How to format your references using the Biomolecular Detection and Quantification citation style

This is a short guide how to format citations and the bibliography in a manuscript for Biomolecular Detection and Quantification. For a complete guide how to prepare your manuscript refer to the journal's instructions to authors.

Using reference management software

Typically you don't format your citations and bibliography by hand. The easiest way is to use a reference manager:

PaperpileThe citation style is built in and you can choose it in Settings > Citation Style or Paperpile > Citation Style in Google Docs.
EndNoteDownload the output style file
Mendeley, Zotero, Papers, and othersThe style is either built in or you can download a CSL file that is supported by most references management programs.
BibTeXBibTeX syles are usually part of a LaTeX template. Check the instructions to authors if the publisher offers a LaTeX template for this journal.

Journal articles

Those examples are references to articles in scholarly journals and how they are supposed to appear in your bibliography.

Not all journals organize their published articles in volumes and issues, so these fields are optional. Some electronic journals do not provide a page range, but instead list an article identifier. In a case like this it's safe to use the article identifier instead of the page range.

A journal article with 1 author
D. Sarewitz, Better all the time, Nature. 463 (2010) 607.
A journal article with 2 authors
E. Koos, N. Willenbacher, Capillary forces in suspension rheology, Science. 331 (2011) 897–900.
A journal article with 3 authors
I.H. Stairs, A.G. Lyne, S.L. Shemar, Evidence for free precession in a pulsar, Nature. 406 (2000) 484–486.
A journal article with 4 or more authors
J.M. Crawford, T.P. Korman, J.W. Labonte, A.L. Vagstad, E.A. Hill, O. Kamari-Bidkorpeh, S.-C. Tsai, C.A. Townsend, Structural basis for biosynthetic programming of fungal aromatic polyketide cyclization, Nature. 461 (2009) 1139–1143.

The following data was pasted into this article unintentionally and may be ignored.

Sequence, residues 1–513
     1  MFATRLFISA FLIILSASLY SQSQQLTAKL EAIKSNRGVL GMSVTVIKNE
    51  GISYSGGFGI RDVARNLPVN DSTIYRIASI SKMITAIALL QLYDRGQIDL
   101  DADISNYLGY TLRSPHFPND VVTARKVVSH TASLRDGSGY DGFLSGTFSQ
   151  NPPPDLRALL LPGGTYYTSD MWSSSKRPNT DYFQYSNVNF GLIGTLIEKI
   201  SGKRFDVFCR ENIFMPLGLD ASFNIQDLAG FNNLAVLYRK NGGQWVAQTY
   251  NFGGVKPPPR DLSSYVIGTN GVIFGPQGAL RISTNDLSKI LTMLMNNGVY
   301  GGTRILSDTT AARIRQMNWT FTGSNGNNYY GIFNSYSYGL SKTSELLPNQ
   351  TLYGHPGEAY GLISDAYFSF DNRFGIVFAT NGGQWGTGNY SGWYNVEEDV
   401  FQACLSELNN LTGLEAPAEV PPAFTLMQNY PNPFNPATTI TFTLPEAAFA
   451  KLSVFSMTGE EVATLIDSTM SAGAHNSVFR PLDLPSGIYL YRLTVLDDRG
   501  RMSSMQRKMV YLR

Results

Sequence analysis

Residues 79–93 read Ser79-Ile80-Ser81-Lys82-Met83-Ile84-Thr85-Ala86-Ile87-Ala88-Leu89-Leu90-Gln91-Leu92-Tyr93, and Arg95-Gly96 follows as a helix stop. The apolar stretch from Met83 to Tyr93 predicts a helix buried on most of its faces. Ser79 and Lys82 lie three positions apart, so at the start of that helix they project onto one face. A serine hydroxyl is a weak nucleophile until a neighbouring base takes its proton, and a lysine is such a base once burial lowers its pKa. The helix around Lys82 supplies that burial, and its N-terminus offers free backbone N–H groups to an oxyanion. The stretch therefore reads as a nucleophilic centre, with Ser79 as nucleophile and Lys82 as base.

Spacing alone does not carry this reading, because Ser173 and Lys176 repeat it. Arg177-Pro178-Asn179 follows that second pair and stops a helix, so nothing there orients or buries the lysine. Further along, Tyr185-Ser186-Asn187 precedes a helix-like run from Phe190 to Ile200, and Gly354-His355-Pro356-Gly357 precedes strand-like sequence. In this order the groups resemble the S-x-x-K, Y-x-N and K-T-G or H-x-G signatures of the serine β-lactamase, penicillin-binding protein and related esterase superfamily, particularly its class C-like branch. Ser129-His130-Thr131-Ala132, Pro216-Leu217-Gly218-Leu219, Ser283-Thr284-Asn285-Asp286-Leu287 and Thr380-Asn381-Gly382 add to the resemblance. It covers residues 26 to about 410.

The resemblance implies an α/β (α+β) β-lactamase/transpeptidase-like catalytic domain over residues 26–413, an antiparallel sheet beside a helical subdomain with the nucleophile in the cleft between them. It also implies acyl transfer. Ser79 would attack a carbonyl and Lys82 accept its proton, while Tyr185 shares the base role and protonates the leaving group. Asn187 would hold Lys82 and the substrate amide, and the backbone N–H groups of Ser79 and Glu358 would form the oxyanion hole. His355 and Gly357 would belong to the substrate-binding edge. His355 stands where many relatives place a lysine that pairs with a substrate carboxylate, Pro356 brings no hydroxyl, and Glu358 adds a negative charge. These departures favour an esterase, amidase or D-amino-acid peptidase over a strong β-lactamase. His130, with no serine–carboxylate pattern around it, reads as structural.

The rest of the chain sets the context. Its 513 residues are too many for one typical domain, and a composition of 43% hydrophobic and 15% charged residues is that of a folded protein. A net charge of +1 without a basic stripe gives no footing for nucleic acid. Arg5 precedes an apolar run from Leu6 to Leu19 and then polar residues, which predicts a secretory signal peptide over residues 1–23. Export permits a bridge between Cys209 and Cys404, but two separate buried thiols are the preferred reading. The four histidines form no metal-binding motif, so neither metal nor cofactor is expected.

Books and book chapters

Here are examples of references for authored and edited books as well as book chapters.

An authored book
J. Ramirez, Handbook of Corporate Equity Derivatives and Equity Capital Markets, John Wiley & Sons, Ltd., Chichester, West Sussex, UK, 2011.
An edited book
Y. Manolopoulos, J. Pokorný, T.K. Sellis, eds., Advances in Databases and Information Systems: 10th East European Conference, ADBIS 2006, Thessaloniki, Greece, September 3-7, 2006. Proceedings, Springer, Berlin, Heidelberg, 2006.
A chapter in an edited book
A.T. Crooks, A.J. Heppenstall, Introduction to Agent-Based Modelling, in: A.J. Heppenstall, A.T. Crooks, L.M. See, M. Batty (Eds.), Agent-Based Models of Geographical Systems, Springer Netherlands, Dordrecht, 2012: pp. 85–105.

Web sites

Sometimes references to web sites should appear directly in the text rather than in the bibliography. Refer to the Instructions to authors for Biomolecular Detection and Quantification.

Blog post
E. Andrew, How The Largest Association Of Psychologists In The US Colluded In Torture, IFLScience. (2015). (accessed October 30, 2018).


This example shows the general structure used for government reports, technical reports, and scientific reports. If you can't locate the report number then it might be better to cite the report as a book. For reports it is usually not individual people that are credited as authors, but a governmental department or agency like "U. S. Food and Drug Administration" or "National Cancer Institute".

Government report
Government Accountability Office, Selected Contracts, Purchase Orders, and Grants Awarded to Indian Tribes and Organizations During Fiscal Year 1971, U.S. Government Printing Office, Washington, DC, 1972.

Theses and dissertations

Theses including Ph.D. dissertations, Master's theses or Bachelor theses follow the basic format outlined below.

Doctoral dissertation
J. Martinez, Effective nonprofit collaborative networks, Doctoral dissertation, Pepperdine University, 2013.

News paper articles

Unlike scholarly journals, news papers do not usually have a volume and issue number. Instead, the full date and page number is required for a correct reference.

New York Times article
G. Vecsey, How Broken Must College Football Be to Fix It?, New York Times. (2010) B11.

In-text citations

References should be cited in the text by sequential numbers in square brackets:

This sentence cites one reference [1].
This sentence cites two references [1,2].
This sentence cites four references [1–4].

About the journal

Full journal titleBiomolecular Detection and Quantification
AbbreviationBiomol. Detect. Quantif.
ISSN (print)2214-7535

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